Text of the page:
PostHeaderIcon SIDNEY J. CLAUNCH, JR. of EASTHAMPTON, MA, April 17, 1922 – February 17, 2014

EASTHAMPTON, Sidney J. Claunch, Jr., passed away peacefully at the Soldiers Home in Holyoke, MA on Monday, February 17, with his wife of 59 years, Pearl (Patty) at his bedside.

Sidney was born in Humboldt, Tennessee on April 17, 1922 to Lura Frances Dungan and Sidney Johnson Claunch, Sr., but spent his youth in Oakwood, Ohio, a suburb of Dayton. After graduation from Oakwood High School in 1940, he worked as an apprentice tool and die maker at National Cash Register in Dayton.

He served in the Infantry in WWII from 1943-1945 in the European Theater and was a Purple Heart recipient. After the victory in Europe he was to be deployed to the Pacific, but halfway across the U.S. by train word was received that the Japanese had surrendered and he was subsequently discharged from service.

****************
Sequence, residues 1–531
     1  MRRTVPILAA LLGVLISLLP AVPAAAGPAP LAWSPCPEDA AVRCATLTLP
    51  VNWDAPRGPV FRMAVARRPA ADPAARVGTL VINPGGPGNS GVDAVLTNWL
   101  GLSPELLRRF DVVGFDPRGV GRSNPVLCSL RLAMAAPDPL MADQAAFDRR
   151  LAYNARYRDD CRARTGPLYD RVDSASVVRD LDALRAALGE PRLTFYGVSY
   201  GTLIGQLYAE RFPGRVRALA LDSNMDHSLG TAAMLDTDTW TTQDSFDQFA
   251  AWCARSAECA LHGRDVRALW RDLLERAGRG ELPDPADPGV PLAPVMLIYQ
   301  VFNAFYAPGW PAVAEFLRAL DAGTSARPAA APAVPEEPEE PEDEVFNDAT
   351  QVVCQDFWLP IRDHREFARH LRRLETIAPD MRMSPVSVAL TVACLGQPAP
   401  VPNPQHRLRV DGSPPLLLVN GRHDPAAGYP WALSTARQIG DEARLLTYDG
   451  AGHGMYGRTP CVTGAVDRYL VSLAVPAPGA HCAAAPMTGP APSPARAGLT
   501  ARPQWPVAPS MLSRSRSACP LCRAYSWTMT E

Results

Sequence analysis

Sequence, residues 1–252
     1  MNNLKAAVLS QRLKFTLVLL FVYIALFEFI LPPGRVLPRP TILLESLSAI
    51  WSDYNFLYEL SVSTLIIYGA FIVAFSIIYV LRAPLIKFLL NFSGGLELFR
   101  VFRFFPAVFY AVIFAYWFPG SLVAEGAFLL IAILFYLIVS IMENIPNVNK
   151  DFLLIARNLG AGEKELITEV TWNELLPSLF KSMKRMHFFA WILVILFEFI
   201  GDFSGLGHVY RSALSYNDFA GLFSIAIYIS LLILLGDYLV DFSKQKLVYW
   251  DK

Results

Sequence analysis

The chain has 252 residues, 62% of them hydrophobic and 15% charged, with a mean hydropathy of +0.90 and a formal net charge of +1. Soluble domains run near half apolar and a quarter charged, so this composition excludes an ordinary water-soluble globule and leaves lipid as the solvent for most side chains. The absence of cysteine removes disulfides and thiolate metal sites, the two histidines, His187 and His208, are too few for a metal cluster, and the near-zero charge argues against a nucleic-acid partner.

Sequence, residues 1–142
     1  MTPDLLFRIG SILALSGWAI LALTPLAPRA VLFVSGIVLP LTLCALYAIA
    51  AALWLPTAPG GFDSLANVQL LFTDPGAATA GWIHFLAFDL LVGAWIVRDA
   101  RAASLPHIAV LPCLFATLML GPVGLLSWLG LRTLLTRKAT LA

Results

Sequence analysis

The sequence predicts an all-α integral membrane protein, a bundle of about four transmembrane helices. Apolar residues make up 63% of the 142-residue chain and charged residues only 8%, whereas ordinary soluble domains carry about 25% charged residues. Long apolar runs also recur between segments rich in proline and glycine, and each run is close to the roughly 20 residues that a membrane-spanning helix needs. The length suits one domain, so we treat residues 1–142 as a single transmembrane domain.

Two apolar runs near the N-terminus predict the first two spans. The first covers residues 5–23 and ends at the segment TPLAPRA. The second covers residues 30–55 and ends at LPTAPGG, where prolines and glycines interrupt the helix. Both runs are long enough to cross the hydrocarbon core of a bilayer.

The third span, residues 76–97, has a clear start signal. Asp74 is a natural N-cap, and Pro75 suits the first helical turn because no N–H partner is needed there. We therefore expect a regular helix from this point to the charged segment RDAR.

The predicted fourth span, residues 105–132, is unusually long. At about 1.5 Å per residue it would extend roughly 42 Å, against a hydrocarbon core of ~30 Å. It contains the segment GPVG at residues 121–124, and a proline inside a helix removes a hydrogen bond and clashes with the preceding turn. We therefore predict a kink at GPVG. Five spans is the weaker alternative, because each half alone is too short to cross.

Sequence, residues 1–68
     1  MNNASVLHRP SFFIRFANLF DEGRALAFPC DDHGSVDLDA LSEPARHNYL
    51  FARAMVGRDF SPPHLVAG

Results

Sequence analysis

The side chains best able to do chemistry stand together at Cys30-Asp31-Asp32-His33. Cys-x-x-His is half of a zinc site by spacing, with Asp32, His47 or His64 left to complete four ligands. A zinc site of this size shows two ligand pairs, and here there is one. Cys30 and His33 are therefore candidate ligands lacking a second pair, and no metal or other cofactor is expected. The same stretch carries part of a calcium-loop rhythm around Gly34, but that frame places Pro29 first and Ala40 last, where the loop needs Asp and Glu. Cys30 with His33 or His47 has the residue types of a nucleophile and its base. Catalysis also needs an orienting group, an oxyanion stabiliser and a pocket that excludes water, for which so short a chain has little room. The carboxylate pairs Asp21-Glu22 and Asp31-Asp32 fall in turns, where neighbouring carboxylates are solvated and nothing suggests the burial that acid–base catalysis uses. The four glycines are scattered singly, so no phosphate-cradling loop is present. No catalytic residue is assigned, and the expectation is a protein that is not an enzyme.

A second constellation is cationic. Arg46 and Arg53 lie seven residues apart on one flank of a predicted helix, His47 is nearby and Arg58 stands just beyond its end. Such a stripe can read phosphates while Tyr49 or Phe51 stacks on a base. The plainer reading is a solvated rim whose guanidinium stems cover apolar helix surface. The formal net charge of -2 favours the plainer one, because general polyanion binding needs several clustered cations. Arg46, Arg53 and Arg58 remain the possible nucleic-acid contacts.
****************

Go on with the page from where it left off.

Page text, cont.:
After returning home, he entered Ohio University in Athens, where he received a bachelor’s degree in economics. He received a masters and doctorate in economics from the University of Wisconsin, Madison. It was at the University of Wisconsin that he met a fellow graduate student, Pearl Grapel. They were married in 1954 and spent seven years in Reno, Nevada, where Sidney taught economics and management at the University of Nevada, the sole university in the state at the time. The family moved to Amherst, Massachusetts in 1961 where Sidney joined the management department in the School of Business at the University of Massachusetts, now the Isenberg School of Management, where he taught until his retirement in 1986. He and Pearl moved to the Lathrop Retirement Community in Easthampton, MA, in late 2008, where Pearl still resides.